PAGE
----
Billionaire Elon Musk‘s future compensation from Tesla is now completely dependent upon the electric car company’s future success.
Under a new 10-year plan announced on Tuesday, the Tesla CEO will henceforth receive $0 in salary. Instead, Musk will be rewarded with Tesla stock — but only if 12 specific “operational milestones” are met.
“Elon will receive no guaranteed compensation of any kind – no salary, no cash bonuses, and no equity that vests simply by the passage of time,” Tesla’s statement reads.
This means that unless Tesla attains specific levels of success — like hitting $200 billion in value — Elon will not gain rights to company stock (which would be his form of “salary”).
Accordingly, Tesla says this “ensures that he will be compensated only if Tesla and all of its shareholders do extraordinarily well.”
The new package also means that Musk could also leave the company if he so desires — possible paving the way for him to focus on SpaceX.
Under the performance-based contract, each time Tesla his a milestone Musk will get the rights to nearly 1.7 million shares of Tesla stock. Over 12 possible installments (if everything goes exceedingly well), this could add significantly to Musk’s already substantial wealth. Musk already owns more than 25 percent of Tesla, and has voting control over the company.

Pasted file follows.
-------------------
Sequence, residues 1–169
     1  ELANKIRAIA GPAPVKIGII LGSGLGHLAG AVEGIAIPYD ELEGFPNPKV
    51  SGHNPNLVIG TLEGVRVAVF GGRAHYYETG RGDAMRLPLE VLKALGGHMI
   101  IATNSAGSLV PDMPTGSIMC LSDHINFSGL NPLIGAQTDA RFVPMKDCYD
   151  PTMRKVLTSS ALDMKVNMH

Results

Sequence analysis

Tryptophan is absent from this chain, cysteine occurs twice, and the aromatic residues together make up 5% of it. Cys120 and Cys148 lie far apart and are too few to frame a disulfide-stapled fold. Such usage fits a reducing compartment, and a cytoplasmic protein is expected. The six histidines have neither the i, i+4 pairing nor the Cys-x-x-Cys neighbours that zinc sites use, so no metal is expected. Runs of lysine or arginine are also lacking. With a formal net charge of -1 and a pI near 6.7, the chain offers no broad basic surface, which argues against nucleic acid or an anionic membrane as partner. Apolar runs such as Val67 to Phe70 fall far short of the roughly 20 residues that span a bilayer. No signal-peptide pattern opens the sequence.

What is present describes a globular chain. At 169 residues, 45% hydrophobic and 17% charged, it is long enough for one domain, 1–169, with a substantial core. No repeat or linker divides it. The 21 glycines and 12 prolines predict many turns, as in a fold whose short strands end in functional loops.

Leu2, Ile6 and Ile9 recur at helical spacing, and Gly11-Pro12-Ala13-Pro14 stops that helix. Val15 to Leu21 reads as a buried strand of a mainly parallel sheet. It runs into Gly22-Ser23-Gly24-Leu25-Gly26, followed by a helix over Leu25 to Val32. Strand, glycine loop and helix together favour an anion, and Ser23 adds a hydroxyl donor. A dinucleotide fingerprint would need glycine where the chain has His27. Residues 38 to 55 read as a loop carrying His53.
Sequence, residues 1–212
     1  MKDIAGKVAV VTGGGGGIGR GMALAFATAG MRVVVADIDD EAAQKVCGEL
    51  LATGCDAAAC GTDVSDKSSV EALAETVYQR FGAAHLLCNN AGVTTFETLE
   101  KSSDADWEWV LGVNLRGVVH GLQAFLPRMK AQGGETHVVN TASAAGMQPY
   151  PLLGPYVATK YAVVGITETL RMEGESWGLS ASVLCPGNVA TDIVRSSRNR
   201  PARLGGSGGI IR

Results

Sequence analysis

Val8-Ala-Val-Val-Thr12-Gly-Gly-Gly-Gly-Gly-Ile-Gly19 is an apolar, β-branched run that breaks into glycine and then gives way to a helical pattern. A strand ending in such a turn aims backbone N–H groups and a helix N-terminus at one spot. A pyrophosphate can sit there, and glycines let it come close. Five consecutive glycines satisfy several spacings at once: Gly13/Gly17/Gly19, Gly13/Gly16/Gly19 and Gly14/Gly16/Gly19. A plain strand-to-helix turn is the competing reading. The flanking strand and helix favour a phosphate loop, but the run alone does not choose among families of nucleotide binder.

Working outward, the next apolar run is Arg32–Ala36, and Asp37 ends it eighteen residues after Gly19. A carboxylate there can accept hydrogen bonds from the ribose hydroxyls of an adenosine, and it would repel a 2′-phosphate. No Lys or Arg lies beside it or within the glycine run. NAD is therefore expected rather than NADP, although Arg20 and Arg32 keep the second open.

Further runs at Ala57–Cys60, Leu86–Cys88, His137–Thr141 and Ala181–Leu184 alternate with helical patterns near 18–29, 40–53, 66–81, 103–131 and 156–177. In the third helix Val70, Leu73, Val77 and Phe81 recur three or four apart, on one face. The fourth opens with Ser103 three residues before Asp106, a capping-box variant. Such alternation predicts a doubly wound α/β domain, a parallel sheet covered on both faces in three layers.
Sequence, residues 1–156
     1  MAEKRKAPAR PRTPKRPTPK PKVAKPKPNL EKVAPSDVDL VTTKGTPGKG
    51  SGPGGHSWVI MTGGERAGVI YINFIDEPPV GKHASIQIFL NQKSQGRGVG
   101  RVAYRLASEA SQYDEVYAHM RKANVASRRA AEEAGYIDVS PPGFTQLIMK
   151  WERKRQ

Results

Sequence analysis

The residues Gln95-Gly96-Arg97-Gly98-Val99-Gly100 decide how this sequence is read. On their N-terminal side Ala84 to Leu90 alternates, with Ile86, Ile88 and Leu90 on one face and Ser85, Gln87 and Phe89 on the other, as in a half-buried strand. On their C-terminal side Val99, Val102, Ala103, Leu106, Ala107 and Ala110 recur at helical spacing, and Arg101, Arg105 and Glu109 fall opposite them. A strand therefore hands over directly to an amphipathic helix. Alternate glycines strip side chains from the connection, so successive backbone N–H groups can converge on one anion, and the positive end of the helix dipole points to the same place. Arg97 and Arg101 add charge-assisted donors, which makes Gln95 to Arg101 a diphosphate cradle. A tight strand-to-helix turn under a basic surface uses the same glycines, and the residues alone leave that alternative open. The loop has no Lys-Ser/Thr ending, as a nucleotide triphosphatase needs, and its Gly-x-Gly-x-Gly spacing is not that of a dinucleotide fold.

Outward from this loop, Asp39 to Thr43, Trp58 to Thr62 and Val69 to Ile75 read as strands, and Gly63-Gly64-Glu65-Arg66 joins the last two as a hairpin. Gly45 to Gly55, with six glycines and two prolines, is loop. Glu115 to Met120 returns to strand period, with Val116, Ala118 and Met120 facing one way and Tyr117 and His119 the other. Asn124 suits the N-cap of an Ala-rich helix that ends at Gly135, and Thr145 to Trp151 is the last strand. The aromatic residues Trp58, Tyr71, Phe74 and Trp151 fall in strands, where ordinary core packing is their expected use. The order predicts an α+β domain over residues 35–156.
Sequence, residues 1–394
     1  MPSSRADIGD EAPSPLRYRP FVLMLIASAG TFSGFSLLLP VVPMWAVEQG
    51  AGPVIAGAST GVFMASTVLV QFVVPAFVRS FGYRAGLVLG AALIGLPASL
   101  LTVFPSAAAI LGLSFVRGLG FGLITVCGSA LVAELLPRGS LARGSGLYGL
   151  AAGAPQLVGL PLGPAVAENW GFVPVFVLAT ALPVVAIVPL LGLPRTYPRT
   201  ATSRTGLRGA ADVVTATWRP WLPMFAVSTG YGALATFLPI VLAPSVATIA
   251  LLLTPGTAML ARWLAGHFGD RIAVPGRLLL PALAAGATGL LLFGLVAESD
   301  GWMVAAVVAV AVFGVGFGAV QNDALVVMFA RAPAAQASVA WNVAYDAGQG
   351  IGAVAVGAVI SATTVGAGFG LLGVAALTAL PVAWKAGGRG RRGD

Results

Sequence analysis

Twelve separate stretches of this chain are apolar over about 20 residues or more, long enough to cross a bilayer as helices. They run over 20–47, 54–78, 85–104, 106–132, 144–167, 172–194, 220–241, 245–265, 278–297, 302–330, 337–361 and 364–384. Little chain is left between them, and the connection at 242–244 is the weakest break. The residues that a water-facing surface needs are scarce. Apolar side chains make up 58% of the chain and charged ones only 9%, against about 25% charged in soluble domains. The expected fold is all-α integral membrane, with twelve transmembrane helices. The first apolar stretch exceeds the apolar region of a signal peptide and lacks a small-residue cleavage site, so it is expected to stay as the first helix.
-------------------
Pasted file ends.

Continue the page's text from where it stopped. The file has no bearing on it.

It’s little secret that Tesla — which currently tops the U.S. in electric car sales — has incredible growth ambitions behind a visionary CEO with equally dramatic ambitions, both here on Earth and beyond.
The first of 12 targets is Tesla hitting a value of $100 billion. It’s currently valued at some $60 billion. If all 12 milestones are eventually reached, the company will be worth a whopping $650 billion dollars. This would make Tesla (as of now) the fourth most highly- valued company in the world, behind tech juggernauts Microsoft, Apple, and Alphabet (the parent company of Google).
In order for Tesla to achieve any sort of financial gains — and stop posting massive losses — it’s widely agreed that the company must have substantial success with its first mass-market vehicle, the Model 3. The Model 3 is a smaller sedan intended to be offered at around $35,000 for the majority of potential customers who aren’t interested in (or simply can’t afford) Tesla’s high-end luxury models, notably the Model S.
The Model 3, however, has so far experienced major production woes, stemming back to fall 2017. There is still significant demand for the Model 3, as some 400,000 people are on the waiting list. Tesla is now reportedly producing 1,000 Model 3s a week, according to the electric car blog Electrek, but will to need to dramatically ramp up production to meet its lofty goals.
Musk’s compensation plan, which Tesla claims Musk recused himself from, was developed by its board of directors and the private compensation consulting firm Compensia, Inc. It could very well be a move to appease Tesla’s impatient or concerned investors and underscore Musk’s commitment to not just make the company profitable — but make it immensely successful.
And it’s not as if Musk needs a salary. He’s worth around $20 billion, and owns a cluster of five mansions in Bel-Air.